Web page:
Oil prices up on trade talk hopes and OPEC cuts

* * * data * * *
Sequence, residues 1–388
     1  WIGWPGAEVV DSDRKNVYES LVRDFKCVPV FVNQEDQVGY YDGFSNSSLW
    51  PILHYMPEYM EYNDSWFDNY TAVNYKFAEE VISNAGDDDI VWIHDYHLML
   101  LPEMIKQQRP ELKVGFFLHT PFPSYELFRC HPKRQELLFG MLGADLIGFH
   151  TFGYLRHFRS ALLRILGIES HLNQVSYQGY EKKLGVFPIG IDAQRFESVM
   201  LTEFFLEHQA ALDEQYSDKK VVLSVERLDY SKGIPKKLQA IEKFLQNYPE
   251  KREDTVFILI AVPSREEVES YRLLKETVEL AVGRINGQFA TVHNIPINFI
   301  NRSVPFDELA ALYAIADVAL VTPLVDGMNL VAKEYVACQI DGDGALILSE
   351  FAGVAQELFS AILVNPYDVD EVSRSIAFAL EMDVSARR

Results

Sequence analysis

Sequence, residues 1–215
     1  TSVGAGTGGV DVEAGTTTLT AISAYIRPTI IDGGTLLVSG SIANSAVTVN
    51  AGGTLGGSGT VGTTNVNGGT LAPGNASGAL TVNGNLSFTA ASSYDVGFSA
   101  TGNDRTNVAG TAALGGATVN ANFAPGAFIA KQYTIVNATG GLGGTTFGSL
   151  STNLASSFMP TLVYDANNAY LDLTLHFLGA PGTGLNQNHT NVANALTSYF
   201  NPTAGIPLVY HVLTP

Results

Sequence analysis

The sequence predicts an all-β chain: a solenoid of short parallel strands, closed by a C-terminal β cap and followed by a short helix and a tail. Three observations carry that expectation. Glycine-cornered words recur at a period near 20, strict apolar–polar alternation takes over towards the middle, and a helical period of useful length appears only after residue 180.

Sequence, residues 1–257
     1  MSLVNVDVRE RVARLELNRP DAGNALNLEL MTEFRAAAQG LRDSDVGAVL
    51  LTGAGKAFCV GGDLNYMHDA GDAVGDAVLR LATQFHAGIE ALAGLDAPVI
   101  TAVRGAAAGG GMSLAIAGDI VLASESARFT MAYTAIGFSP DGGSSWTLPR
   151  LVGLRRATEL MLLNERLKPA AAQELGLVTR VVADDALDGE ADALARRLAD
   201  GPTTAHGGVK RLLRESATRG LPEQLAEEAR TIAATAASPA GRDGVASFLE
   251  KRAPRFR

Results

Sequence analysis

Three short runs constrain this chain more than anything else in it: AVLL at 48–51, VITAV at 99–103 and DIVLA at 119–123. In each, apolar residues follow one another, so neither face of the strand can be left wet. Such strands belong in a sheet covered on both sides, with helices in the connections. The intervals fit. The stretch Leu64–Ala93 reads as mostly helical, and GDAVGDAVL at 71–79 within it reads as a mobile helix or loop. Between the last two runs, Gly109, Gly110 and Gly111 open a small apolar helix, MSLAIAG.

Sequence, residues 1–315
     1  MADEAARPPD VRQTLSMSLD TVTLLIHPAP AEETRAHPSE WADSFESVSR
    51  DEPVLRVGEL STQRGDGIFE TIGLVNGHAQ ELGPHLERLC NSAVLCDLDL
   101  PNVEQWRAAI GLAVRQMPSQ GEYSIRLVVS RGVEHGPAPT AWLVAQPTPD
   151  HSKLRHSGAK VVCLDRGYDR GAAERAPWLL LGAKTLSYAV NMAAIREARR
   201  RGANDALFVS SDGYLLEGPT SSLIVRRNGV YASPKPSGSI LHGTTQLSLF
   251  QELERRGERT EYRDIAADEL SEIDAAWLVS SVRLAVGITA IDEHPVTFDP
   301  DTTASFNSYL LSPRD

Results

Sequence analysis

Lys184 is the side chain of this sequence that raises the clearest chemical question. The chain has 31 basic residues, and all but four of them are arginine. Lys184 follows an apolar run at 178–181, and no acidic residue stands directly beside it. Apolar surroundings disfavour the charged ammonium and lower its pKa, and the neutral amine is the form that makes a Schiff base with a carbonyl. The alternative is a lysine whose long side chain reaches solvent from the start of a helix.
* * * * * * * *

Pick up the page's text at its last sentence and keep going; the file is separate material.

LONDON (Reuters) – Oil prices rose on Tuesday, supported by hopes that talks in Beijing between U.S. and Chinese officials might defuse a trade dispute between the world’s two biggest economies, while OPEC-led supply cuts also tightened markets. International Brent crude futures LCOc1 gained 92 cents to $58.25 per barrel by 1130 GMT. U.S. West Texas Intermediate (WTI) crude oil futures CLc1 climbed 74 cents to $49.26 per barrel. “I think there’s a very good chance that we will get a reasonable settlement that China can live with, that we can live with,” U.S. Commerce Secretary Wilbur Ross said on Monday as officials from both countries held talks to end the spat. Some analysts warned, however, that the relationship between Washington and Beijing remained shaky and that tensions could soon flare anew. “Surely, there will be more twists and turns in the saga and increasing U.S. tariffs on Chinese goods after March from 10 percent to 25 percent cannot be excluded,” Tamas Varga of PVM Oil Associates said. “For now, however, optimism prevails.” There is also concern that a worldwide economic slowdown will dent fuel consumption. As a result, the hedge fund industry has cut significantly its bullish positions in… continue reading

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